Discovery Place science museum in Charlotte, NC, will always be one of my favorite places to visit in the Queen City. They consistently bring top tier exhibits to our area and I try to attend each one. I was more than pretty excited when they sent me an invitation for GUITAR: The Instrument That Rocked The World. I am an audiophile whose family is filled with musicians (bluegrass) and quite a few of my friends gig professionally in bands.
This traveling exhibit is truly one for every age group. GUITAR explores the history of the world’s most recognized musical instrument in this fully immersive exhibition that showcases nearly 100 historical artifacts, including more than 60 guitars. It has made my Summer Adventure List, not just because of the historical and scientific significance, also because so many schools are cutting funding for music eduction. (And if you know me and Ilina, you know how important education is to us.)
When I walked in, it was wall to wall stringed instruments, along with performance video and audio, as well as hands-on interactive displays. I headed straight over to learn about guitar strings and after strumming each type, now realize why metal strings are preferred over plastic or catgut. The sound is so much better and the tone is clean and pure.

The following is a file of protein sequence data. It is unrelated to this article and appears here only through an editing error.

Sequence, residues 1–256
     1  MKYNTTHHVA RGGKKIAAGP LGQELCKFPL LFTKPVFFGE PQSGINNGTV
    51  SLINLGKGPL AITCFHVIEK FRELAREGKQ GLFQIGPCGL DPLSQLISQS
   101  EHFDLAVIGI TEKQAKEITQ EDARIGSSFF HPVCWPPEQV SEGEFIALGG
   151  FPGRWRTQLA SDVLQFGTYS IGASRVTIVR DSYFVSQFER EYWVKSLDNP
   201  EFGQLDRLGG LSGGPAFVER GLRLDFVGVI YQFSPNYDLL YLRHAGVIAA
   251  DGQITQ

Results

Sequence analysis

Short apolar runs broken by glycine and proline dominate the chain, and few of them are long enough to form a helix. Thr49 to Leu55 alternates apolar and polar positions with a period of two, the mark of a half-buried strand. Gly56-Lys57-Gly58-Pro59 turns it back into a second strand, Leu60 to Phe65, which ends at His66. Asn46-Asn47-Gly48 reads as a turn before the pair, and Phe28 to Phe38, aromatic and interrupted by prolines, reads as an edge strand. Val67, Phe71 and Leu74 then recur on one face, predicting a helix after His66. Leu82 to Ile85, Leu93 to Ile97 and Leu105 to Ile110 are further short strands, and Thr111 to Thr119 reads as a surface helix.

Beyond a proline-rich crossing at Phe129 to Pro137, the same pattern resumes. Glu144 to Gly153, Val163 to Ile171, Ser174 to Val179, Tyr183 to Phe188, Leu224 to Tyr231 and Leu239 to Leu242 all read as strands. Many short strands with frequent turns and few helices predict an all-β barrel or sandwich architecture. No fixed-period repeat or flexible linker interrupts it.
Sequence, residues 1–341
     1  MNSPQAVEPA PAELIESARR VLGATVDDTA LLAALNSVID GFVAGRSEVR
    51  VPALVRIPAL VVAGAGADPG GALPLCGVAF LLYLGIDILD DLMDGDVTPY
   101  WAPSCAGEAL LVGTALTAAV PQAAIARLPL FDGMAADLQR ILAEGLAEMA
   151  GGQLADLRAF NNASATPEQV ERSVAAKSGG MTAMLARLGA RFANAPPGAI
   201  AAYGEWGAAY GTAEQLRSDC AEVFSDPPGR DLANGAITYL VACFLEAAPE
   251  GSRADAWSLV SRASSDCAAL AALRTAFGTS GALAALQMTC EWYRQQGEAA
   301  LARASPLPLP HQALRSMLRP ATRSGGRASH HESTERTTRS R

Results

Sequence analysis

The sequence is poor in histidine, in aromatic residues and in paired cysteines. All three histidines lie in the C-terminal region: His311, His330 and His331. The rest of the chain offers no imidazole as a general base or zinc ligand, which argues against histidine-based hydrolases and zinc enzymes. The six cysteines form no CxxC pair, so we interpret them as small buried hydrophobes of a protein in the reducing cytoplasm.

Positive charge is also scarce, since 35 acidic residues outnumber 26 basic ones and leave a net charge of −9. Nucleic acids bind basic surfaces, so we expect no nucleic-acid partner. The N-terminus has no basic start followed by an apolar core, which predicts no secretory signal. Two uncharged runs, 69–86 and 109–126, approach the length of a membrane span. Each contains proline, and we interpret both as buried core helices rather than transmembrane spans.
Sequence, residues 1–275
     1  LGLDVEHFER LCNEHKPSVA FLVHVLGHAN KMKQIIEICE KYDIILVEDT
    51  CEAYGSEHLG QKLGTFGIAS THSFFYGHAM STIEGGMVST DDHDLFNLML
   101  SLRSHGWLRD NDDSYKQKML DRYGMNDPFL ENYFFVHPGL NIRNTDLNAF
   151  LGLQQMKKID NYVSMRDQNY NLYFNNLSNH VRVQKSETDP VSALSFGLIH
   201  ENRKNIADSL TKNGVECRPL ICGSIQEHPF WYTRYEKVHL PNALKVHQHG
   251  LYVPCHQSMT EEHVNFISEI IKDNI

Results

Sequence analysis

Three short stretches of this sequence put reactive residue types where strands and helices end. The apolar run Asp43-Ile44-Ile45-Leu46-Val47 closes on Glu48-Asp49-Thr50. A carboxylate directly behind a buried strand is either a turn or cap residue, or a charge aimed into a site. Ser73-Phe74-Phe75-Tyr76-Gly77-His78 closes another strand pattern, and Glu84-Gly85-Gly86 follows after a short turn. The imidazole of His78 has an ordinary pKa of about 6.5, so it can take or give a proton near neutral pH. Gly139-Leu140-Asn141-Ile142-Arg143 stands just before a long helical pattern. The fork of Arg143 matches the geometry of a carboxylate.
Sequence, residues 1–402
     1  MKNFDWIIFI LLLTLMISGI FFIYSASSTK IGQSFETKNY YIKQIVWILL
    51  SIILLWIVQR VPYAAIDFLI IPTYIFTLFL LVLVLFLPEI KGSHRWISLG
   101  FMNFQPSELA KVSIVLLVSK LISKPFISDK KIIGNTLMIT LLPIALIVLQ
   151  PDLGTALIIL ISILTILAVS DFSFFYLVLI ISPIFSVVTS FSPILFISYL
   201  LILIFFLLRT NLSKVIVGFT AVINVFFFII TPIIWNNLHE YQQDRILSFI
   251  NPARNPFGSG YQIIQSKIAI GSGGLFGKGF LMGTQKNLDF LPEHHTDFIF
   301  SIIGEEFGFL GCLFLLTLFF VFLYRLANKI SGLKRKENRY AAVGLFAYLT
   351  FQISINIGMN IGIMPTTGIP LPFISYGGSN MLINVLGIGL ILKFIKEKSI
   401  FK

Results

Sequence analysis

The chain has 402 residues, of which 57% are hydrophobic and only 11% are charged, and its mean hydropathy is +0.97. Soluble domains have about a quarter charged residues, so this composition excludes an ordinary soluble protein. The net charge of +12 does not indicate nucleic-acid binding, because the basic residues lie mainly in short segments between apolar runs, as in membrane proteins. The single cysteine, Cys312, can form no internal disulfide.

Science and Guitars
But Discovery Place is a science museum, why would they have this exhibit? Because so much of music and guitars have their basis in science. The human brain is uniquiely wired to remember musical patterns better than a series of numbers or letters. Researchers have found that seven times (i.e. numbers, facts, letters, etc.) are about the maximum that most people can keep in their memory. The exception to this is music. Much of popular music is built on riffs, which are groupings of notes that are repeated throughout a song. Our mental ability to embrace musical patterns allows us to remember long riffs when we can’t remember that many numbers.
Electric guitars also rely on electromagnetism to produce sound. Each electric guitar has a mechanism called a pickup that converts the mechanical energy of a vibrating string to an electrical signal, allowing it to be amplified, processed and reproduced. When the magnetic field of the pickup is disrupted by the vibration of a metal string, it creates a current in the copper wire. The current is transmitted through another wire to potentiometers, which are often used as tone and volume controls. The potentiometers, controlled by the knobs, adjust the frequencies in the signal that control volume and tone — just like a dimmer switch that adjusts the level of light from a bulb.
Sound can be measured. Sound waves move through the air, which creates pressure. The speed of sound is around 343 meters per second. You hear noises because your ears respond to this pressure. Decibels are the units for measuring sound pressure, just like the inches are units for measuring length. One a decibel scale, the louder the sound, the higher the number decibels. Zero decibels is the softest sound that can be hears and 194 decibels is the loudest sound that can be created.
Highlights of GUITAR